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Astilbe

There are many members of the genus "Astilbe" that can provide white, pink and reddish-pink blooms in shade, or sun, if they have ample moisture.

astilbe flowers

Photo: gailf548 (flickr)

"Finale" blooms in August is a pretty light pink like cotton candy.

The shade gardener can become adept in the juxtaposition of green plants in a bed to create variety.  However, in addition to compositions with a green theme, we often yearn for perennial shade plants that flower in different colors.  Fortunately, there are many members of the genus “Astilbe” that can provide white, pink and reddish-pink blooms in shade, or sun if they have ample moisture.

They dislike drought, but otherwise are rugged and pest-free.  Some species are known by the common name “Goat’s beard.”  They form graceful mounds of ferny leaves and throw-up elegant branched flower spikes.

“Bridal Veil” is an aptly named white astilbe and “Finale” which blooms in August is a pretty light pink like cotton candy.  But there are lots of shades of pink through dark maroon and if you plant many varieties you can enjoy a succession of bloom from early to late summer.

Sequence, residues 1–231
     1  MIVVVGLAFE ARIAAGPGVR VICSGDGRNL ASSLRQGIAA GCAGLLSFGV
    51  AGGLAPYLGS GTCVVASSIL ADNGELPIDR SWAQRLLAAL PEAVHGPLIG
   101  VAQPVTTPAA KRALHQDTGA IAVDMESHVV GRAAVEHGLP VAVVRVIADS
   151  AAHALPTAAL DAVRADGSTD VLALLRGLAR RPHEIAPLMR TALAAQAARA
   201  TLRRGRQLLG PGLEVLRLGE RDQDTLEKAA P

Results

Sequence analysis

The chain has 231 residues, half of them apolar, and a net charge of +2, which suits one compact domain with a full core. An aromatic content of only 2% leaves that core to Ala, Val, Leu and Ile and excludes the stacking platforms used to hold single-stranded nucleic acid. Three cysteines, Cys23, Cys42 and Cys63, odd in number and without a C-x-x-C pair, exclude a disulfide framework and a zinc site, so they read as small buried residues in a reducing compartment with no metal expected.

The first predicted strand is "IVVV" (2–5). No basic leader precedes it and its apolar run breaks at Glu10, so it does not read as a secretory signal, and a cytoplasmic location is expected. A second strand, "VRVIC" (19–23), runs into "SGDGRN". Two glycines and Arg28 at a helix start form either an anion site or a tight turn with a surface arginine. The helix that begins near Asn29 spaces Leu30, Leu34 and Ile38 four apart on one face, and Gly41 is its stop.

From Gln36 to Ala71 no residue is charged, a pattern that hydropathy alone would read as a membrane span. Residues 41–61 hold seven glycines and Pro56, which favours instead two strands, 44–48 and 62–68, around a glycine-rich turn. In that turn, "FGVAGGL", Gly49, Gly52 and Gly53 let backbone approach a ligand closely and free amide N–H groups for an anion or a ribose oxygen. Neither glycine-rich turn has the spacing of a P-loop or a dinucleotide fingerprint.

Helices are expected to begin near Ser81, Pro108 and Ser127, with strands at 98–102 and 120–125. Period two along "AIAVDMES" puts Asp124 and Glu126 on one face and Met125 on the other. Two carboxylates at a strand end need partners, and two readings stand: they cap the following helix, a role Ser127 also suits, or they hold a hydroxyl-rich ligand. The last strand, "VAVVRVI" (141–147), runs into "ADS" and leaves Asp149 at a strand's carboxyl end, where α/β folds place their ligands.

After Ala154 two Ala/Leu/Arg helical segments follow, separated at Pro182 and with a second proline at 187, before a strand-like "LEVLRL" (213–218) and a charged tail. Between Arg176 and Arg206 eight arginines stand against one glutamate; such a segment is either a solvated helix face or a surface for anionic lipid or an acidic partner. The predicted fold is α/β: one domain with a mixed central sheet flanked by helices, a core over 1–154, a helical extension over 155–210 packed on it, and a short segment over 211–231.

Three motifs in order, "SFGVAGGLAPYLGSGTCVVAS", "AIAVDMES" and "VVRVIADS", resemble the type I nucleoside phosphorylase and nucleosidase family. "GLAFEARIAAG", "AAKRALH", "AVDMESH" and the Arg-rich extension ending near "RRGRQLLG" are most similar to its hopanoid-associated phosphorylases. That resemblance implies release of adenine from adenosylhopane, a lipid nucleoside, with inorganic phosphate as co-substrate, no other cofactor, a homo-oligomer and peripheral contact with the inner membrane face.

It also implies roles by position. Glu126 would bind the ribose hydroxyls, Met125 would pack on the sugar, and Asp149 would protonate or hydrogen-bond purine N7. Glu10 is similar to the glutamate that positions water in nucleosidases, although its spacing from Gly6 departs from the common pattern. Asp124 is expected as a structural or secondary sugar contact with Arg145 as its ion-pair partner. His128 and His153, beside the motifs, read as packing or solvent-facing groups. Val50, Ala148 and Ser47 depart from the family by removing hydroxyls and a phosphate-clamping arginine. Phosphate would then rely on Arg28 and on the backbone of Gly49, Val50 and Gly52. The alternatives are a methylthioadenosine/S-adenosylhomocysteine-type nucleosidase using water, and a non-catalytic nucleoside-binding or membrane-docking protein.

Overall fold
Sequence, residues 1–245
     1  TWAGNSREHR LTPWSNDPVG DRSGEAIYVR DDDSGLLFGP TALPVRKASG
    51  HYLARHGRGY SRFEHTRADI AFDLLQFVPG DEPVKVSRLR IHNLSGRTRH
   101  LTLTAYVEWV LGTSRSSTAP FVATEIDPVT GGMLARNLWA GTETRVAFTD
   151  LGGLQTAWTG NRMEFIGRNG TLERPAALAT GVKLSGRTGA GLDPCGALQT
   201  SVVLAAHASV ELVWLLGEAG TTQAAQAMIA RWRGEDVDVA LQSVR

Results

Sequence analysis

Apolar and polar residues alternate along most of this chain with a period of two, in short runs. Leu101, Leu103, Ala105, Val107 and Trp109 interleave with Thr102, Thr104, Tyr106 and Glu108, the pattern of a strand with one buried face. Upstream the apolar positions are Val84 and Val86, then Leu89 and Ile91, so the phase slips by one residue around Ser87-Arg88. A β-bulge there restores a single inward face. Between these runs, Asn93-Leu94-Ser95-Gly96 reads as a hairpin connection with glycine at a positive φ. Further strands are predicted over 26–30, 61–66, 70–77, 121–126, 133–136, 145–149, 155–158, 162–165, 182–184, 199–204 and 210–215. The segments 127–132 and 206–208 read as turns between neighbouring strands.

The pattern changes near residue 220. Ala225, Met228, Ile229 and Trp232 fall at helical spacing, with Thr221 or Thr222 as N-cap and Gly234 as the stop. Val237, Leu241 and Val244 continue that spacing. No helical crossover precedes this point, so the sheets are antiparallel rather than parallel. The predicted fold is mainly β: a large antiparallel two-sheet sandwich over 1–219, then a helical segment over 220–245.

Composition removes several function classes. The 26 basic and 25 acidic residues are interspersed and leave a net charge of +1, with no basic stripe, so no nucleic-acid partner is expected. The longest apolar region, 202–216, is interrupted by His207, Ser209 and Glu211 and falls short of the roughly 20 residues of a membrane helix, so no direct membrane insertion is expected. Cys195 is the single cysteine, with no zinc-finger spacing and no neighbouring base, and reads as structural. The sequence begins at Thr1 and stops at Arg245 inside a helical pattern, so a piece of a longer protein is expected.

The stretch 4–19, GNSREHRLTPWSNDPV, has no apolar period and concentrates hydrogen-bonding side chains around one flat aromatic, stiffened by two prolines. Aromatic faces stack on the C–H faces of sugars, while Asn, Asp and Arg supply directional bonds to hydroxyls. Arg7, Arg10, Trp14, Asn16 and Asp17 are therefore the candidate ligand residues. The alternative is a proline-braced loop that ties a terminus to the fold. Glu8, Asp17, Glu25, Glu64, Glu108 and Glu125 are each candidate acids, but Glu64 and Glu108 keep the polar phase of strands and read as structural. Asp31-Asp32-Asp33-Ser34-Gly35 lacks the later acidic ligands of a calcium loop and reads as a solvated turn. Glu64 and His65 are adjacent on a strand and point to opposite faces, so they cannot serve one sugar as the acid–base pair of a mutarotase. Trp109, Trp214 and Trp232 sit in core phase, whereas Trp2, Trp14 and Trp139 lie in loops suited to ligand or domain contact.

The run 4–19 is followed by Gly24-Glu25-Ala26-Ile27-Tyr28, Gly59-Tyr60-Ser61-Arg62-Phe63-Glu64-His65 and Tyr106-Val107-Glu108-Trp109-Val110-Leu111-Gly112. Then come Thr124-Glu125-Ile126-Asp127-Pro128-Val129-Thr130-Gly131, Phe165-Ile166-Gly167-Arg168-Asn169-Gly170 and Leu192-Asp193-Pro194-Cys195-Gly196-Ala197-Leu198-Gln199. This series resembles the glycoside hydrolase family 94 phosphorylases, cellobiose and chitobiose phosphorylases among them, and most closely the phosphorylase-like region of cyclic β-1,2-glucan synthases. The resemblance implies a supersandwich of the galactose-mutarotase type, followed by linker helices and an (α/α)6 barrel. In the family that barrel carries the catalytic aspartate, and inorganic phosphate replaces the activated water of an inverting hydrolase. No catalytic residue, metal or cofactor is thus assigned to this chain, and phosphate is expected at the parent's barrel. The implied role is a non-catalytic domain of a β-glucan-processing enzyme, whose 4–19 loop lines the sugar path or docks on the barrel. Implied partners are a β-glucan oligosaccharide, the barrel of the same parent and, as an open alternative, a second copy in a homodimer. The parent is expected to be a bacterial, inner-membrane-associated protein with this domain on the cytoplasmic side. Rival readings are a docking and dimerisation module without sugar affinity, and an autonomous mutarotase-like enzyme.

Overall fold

Many Possibilities

You can use them in a vase if you cut them when they are half open.

You may want to plant only one color to create a frothy mass of bloom or you can mix and match.

The spires provide height among other low growing foliage plants, so single plants can be repeated for continuity or multiples can be clumped as focal points.  In 1901 Helen Wilson wrote about her garden bed as being a village of plants with an astilbe flower as the church steeple.

Moya Andrews

, originally from Queensland, Australia, served as Vice Chancellor for Academic Affairs and Dean of the Faculties at Indiana University until 2004. In the same year, Moya began hosting Focus on Flowers for WFIU. In addition, Moya does interviews for Profiles, is a member of the Bloomington Hospital Board, and authored Perennials Short and Tall from Indiana University Press.

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